By Kristen MarquezMarch 18, 2009
HEIDELBERG, Germany -- As a cadet in the Reserve Officer Training Corps at Mercer University in Macon, Ga., Leah R. Fuller-Friel became her battalion's first female commander.
Now, 25 years later and a colonel, she's the first female commander of the U.S. Army NATO Brigade, headquartered at Tompkins Barracks in Schwetzingen.
She said it all started back in high school when a "diligent recruiter" told her of the opportunities the Army could offer her through ROTC. Back then, she admits she didn't even really know what the letters 'ROTC' stood for.
Today, she's the commander of all Soldiers serving in three NATO battalions and 10 companies scattered throughout 33 locations in 13 countries.
"My husband and I served in NATO as majors and we really didn't know this opportunity was there," she said. "We were at (Training and Doctrine Command) ... as the G1 (Adjutant General), and they said 'we want you to come and take the NATO Brigade' and I thought 'there's no such thing.'"
Sgt. 1st Class Larry Gray, USANATO Brigade's Equal Opportunity advisor, said having Fuller-Friel take command as the first female in that role is noteworthy not only for the women in the brigade, but for the Army as a whole.
"I think it's really good that other nations know that in our country, females are getting the opportunity to lead troops and can do it just as well as the men," he said. "They get those opportunities to train and lead, and having her in that role is very significant."
Fuller-Friel and her husband, retired Maj. Jack Friel, a field artilleryman, met and married at Fort Leavenworth, Kan., and have three sons; John, a company commander at Fort Hood, Texas, who is currently serving his third tour in Iraq; Mark, a captain in the Indiana National Guard; and Matthew, a sixth-grader, whom she says "can't wait to be in uniform."
Jack now serves as the senior family readiness advisor for the brigade, and according to his wife, is "working harder than he ever has worked. He's a very busy man."
"We always do a command team charter, my husband and I, what expectations we are going to do - we are going to balance faith, profession and family," she said. "That trio, and are we in sync, and usually the kids or the Soldiers will let us know if we are not."
The couple has served five tours overall in Europe - 12 of the 25 years of service so far for Fuller-Friel. She's held all of her levels of command in Europe as well.
Fuller-Friel said her favorite job so far as a Soldier has been being a company commander, a job that allowed her to get to know each Soldier and spouse in her company on a much more personal level. In her current role, it's a little harder to get to know every Soldier, though she tries.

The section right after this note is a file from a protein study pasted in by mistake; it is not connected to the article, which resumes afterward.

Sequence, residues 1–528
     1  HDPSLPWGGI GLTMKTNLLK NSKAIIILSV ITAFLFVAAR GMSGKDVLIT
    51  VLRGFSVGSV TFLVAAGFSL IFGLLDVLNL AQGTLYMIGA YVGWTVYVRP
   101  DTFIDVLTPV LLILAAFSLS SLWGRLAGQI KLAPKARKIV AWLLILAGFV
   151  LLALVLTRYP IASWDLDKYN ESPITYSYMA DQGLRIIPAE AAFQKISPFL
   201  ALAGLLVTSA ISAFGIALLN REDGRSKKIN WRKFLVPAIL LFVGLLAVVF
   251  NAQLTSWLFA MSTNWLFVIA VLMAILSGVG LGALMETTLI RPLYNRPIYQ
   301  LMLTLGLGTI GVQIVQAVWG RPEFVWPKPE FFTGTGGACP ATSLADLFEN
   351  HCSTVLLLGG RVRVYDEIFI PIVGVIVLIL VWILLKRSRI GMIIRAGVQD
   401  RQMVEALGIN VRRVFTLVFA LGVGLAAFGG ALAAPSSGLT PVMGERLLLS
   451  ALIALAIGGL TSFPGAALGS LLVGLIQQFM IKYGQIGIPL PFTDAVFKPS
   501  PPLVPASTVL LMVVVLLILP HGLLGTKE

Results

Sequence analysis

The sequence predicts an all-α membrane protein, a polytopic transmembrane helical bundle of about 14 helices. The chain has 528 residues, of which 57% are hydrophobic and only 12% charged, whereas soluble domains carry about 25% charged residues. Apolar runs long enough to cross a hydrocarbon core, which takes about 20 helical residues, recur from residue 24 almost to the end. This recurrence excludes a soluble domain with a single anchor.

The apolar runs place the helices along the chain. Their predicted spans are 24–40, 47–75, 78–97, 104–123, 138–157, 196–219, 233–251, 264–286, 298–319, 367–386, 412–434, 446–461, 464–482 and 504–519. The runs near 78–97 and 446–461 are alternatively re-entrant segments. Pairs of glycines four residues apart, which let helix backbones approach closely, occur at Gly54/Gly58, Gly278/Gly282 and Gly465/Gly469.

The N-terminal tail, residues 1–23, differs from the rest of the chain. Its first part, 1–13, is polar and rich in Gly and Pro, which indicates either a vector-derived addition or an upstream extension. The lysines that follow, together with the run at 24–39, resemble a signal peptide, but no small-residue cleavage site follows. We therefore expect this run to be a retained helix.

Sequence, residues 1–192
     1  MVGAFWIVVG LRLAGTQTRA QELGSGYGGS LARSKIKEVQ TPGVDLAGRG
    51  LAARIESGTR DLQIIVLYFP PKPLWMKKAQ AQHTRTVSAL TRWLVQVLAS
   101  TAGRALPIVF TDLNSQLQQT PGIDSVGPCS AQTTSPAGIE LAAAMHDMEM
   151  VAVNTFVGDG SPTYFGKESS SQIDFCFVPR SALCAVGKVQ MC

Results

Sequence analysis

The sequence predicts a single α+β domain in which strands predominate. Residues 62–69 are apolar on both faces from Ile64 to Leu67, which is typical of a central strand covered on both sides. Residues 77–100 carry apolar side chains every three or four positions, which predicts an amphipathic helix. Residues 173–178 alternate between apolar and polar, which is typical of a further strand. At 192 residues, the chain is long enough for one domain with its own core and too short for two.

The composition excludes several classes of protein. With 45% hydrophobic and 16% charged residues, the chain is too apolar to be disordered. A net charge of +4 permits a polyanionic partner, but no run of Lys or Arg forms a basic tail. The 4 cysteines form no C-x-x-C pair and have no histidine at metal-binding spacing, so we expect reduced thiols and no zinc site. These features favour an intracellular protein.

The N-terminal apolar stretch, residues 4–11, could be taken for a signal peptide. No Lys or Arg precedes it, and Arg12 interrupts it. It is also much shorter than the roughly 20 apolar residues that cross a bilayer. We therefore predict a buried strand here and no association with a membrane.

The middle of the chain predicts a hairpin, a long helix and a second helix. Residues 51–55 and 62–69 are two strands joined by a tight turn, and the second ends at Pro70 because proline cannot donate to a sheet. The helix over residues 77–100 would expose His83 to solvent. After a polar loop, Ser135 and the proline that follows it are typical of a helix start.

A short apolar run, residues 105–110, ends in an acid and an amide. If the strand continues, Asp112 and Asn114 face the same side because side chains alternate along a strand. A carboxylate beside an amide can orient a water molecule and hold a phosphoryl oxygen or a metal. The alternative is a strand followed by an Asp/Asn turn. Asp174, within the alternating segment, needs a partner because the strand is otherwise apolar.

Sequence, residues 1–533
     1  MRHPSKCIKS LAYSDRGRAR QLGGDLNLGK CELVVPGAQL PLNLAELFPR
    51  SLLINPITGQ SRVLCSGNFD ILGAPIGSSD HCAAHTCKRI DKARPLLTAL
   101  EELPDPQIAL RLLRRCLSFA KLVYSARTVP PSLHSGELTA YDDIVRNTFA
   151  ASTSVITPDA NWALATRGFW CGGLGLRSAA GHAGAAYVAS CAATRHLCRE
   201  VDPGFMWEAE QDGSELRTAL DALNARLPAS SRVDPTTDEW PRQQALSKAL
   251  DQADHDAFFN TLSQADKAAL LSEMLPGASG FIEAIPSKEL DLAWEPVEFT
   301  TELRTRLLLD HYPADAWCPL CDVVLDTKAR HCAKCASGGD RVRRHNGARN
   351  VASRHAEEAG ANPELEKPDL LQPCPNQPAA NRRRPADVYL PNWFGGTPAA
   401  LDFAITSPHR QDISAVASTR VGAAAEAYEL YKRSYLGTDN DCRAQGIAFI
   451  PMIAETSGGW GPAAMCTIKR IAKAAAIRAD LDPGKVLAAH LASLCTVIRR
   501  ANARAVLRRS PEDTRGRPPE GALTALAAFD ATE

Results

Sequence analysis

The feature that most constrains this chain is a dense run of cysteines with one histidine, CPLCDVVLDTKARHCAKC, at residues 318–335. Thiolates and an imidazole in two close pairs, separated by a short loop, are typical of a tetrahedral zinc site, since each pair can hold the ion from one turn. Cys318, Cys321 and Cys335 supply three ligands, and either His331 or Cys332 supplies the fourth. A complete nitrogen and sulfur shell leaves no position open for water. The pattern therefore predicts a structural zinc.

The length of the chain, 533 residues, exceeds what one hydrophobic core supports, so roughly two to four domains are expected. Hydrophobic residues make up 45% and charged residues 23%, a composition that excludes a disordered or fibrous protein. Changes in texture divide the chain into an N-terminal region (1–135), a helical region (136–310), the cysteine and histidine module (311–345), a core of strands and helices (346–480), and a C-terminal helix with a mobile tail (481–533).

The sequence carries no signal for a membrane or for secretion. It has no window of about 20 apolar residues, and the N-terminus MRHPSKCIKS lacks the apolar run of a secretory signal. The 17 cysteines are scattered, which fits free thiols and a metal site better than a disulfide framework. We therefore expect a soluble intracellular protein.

"Going to see the Soldiers, in their environment, with their issues, and letting them show us what they actually do in support of NATO," she said about her favorite part of her job. "We try to get into their element as opposed to them coming here."
With March being Women's History Month, Fuller-Friel reflected on some of the women of her past who have made an impact on her life and helped her get to where she is today.
"First, my mother," she said. "She just instilled a great work ethic, and (encouraged me to) give everything that you do 110 percent and it will show; people will notice and you'll go far.
"And then I got over here in Europe and worked for Maj. Gen. Pat Hickerson and Maj. Gen. Dee Anne McWilliams, and basically those two (made me think) 'wow, women can be general officers'' They were just absolutely professional subject matter experts in their field, and they're in my field, too.
"As they retired, they just passed on the torch and said 'you need to go on and do the jobs that we were never able to do.'"
She also mentioned Gen. Ann Dunwoody, commander of Army Materiel Command, who she worked with when Dunwoody was a two-star general at Fort Lee, Va.
"She's absolutely a master logistician," Fuller-Friel said. "She just said 'know your field, know your Army, and you'll go far' and kept that philosophy."
The military's diversity is something Fuller-Friel said is unique and should be celebrated.
"I think that's one of the reasons why the Armed Forces is considered to be one of the most prestigious institutions - because of the diversity," she said. "We need the diversity. I don't see that in the civilian life, I don't see it in my hometowns, I didn't see it in college, but the Army absolutely gives everyone the opportunity. You just have to seize it, become experts in your field and go from there, whether you are a man or woman."
(Editor's Note: Kristen Marquez works in the USAG Baden-Wuerttemberg Public Affairs Office).